2. Fetal chromosome analysis
  3. Genetic microarray molecular testing
  4. Obstetrical ultrasound (including arterial and venous fetal Doppler)
  5. Fetal echocardiography
  6. Investigation for maternal–fetal infections and alpha-thalassemia
  7. Fetal blood sampling and intrauterine transfusion
  8. Referral to a medical genetics service
  9. Postnatal evaluation
  10. Autopsy (for all cases of fetal or neonatal death or pregnancy termination)

Major Outcomes Considered

  • Sensitivity and specificity of diagnostic evaluations
  • Effectiveness of counseling and management approaches
  • Rate of fetal infection, anemia and other associated conditions
  • Fetal morbidity and mortality
  • Treatment effectiveness

Methods Used to Collect/Select the Evidence

Searches of Electronic Databases

Searches of Unpublished Data

Description of Methods Used to Collect/Select the Evidence

Published literature was retrieved through searches of PubMed or MEDLINE, CINAHL, and The Cochrane Library in 2011 using key words (non-immune hydrops fetalis, fetal hydrops, fetal therapy, fetal metabolism). Results were restricted to systematic reviews, randomized controlled trials/controlled clinical trials, observational studies, and significant case reports. Additional publications were identified from the bibliographies of these articles. There were no date or language restrictions. Searches were updated on a regular basis and incorporated in the guideline to May 2012. Grey (unpublished) literature was identified through searching the websites of health technology assessment and health technology-related agencies, clinical practice guideline collections, clinical trial registries, and national and international medical specialty societies.

Number of Source Documents

Not stated

Methods Used to Assess the Quality and Strength of the Evidence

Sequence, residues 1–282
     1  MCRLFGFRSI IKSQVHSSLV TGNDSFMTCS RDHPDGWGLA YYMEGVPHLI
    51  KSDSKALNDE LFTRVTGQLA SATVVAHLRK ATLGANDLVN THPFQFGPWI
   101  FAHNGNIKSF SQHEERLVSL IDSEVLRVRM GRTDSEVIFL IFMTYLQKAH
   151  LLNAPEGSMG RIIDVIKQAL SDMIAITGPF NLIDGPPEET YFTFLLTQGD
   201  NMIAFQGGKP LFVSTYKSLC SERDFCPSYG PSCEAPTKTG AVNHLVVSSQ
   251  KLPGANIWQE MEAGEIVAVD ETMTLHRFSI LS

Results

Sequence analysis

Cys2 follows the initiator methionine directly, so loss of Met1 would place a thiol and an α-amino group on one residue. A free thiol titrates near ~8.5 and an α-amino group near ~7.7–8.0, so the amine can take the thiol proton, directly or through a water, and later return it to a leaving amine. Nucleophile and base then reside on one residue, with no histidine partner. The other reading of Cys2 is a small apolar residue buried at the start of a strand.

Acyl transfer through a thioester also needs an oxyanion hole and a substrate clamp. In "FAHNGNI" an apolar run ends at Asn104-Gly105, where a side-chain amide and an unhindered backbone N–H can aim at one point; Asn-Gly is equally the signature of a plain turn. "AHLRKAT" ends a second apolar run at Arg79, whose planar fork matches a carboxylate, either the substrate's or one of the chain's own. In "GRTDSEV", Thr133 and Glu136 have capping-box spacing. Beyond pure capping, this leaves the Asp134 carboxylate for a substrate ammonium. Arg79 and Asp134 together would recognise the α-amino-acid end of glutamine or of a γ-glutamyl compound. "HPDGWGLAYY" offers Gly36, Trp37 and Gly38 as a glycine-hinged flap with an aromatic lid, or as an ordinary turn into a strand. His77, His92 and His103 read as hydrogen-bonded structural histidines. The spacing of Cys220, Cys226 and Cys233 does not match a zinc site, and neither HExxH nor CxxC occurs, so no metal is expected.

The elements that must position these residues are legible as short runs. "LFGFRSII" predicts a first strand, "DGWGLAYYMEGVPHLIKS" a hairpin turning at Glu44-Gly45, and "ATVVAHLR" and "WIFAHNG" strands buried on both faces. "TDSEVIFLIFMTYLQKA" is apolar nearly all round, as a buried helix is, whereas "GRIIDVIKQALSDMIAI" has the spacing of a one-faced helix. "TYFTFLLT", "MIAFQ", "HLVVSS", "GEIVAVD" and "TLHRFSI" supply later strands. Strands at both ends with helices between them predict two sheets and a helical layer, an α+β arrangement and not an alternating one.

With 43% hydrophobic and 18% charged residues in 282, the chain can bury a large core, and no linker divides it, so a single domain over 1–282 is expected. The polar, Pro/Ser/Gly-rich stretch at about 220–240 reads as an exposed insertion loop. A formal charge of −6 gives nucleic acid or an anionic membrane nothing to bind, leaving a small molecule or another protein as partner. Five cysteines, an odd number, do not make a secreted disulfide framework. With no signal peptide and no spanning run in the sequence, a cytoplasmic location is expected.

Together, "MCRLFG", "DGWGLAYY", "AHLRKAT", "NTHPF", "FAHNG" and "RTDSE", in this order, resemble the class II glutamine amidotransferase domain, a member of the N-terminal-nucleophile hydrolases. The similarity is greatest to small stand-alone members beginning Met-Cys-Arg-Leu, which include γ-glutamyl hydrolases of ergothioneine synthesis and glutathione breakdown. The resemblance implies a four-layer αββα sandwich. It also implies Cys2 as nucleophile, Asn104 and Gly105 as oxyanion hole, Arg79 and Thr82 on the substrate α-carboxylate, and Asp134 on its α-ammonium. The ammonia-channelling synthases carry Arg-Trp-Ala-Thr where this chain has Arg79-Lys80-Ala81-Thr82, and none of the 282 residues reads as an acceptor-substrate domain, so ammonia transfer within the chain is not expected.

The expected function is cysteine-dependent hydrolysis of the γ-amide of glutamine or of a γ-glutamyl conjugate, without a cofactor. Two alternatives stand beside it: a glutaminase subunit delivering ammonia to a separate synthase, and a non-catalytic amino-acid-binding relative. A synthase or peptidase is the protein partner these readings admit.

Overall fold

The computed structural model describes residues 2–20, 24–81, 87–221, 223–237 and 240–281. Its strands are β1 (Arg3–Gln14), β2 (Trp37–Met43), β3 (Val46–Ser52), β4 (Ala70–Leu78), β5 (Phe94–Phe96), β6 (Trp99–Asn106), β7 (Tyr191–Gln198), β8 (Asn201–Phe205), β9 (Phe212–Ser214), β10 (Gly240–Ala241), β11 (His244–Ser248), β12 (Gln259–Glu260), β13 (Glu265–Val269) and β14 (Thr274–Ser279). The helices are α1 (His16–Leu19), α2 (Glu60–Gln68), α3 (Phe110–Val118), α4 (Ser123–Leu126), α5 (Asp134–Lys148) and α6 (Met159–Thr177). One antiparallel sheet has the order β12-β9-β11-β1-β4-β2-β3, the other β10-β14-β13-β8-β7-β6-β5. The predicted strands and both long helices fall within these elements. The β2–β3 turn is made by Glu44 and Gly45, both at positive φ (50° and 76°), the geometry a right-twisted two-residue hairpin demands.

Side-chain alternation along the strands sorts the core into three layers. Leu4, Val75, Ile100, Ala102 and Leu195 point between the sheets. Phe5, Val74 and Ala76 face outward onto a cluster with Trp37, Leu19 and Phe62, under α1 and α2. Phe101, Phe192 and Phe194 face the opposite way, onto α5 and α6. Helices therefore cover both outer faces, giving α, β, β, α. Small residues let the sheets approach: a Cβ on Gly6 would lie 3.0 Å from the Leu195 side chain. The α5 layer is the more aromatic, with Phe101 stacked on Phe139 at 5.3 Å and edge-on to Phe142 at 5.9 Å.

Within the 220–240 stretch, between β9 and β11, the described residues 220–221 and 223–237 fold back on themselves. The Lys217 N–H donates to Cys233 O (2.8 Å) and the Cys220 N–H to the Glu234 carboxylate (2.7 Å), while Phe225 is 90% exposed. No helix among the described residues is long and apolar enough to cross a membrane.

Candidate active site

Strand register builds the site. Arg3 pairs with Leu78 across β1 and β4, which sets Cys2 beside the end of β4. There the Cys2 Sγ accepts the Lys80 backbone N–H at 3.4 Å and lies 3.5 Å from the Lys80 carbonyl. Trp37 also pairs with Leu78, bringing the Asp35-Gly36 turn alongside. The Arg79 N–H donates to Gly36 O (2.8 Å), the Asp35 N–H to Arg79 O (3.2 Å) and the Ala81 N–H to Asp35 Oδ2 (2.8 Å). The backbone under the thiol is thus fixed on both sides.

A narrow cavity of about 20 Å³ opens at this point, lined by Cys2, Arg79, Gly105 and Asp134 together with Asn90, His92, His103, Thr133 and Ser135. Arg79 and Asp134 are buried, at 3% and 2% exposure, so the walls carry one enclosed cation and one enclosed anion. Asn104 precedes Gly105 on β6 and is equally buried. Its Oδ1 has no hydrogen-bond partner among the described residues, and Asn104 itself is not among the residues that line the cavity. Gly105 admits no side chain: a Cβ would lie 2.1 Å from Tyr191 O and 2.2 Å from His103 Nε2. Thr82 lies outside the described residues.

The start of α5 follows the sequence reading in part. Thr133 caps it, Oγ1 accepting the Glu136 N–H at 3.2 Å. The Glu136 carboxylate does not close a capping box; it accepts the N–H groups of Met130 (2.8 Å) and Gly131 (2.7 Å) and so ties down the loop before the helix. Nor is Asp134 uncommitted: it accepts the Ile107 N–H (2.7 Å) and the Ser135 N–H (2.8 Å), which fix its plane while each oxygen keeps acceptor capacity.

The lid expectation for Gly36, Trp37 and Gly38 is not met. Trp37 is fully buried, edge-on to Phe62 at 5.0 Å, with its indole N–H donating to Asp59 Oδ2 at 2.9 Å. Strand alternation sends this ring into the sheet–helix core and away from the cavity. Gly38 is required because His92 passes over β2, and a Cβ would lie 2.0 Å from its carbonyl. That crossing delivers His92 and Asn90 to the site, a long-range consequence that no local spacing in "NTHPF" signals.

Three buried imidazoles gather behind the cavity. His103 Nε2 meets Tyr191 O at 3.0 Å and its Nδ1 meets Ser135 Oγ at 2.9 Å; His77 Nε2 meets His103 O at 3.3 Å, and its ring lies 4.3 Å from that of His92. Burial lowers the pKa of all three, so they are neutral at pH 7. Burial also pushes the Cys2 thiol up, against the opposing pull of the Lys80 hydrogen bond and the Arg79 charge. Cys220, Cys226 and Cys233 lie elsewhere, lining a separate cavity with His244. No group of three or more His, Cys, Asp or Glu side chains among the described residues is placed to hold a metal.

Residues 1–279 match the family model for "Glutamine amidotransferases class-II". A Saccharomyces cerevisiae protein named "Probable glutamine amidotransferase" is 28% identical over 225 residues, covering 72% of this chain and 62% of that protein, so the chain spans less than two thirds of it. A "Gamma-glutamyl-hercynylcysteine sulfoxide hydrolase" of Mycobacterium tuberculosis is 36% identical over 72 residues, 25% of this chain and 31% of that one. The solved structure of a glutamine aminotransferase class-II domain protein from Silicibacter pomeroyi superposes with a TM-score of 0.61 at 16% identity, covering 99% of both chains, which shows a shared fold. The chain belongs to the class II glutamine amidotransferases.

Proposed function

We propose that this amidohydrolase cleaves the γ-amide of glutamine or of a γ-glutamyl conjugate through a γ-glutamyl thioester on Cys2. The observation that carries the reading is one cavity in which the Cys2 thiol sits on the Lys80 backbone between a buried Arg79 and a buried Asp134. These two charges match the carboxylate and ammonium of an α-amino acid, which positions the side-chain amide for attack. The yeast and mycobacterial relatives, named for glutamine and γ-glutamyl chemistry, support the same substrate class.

Weighting According to a Rating Scheme (Scheme Given)

Rating Scheme for the Strength of the Evidence

Quality of Evidence Assessment*

I: Evidence obtained from at least one properly randomized controlled trial

II-1: Evidence from well-designed controlled trials without randomization

II-2: Evidence from well-designed cohort (prospective or retrospective) or case–control studies, preferably from more than one centre or research group

II-3: Evidence obtained from comparisons between times or places with or without the intervention. Dramatic results in uncontrolled experiments (such as the results of treatment with penicillin in the 1940s) could also be included in this category

III: Opinions of respected authorities, based on clinical experience, descriptive studies, or reports of expert committees

*Adapted from The Evaluation of Evidence criteria described in the Canadian Task Force on Preventive Health Care.

Methods Used to Analyze the Evidence

Systematic Review

Description of the Methods Used to Analyze the Evidence

The quality of evidence in this document was rated using the criteria described in the Report of the Canadian Task Force on Preventive Health Care (see the "Rating Scheme for the Strength of the Evidence" field).

Methods Used to Formulate the Recommendations

Expert Consensus

Description of Methods Used to Formulate the Recommendations

Not stated

Rating Scheme for the Strength of the Recommendations

Classification of Recommendations†

A. There is good evidence to recommend the clinical preventive action

B. There is fair evidence to recommend the clinical preventive action

C. The existing evidence is conflicting and does not allow to make a recommendation for or against use of the clinical preventive action; however, other factors may influence decision-making

D. There is fair evidence to recommend against the clinical preventive action

E. There is good evidence to recommend against the clinical preventive action

L. There is insufficient evidence (in quantity or quality) to make a recommendation; however, other factors may influence decision-making

†Adapted from the Classification of Recommendations criteria described in the Canadian Task Force on Preventive Health Care.

Cost Analysis

A formal cost analysis was not performed and published cost analyses were not reviewed.

Method of Guideline Validation

Internal Peer Review

Description of Method of Guideline Validation

This clinical practice guideline has been prepared by the Genetics Committee, reviewed by Maternal Fetal Medicine Committee, and approved by the Executive and Council of the Society of Obstetricians and Gynaecologists of Canada.

Type of Evidence Supporting the Recommendations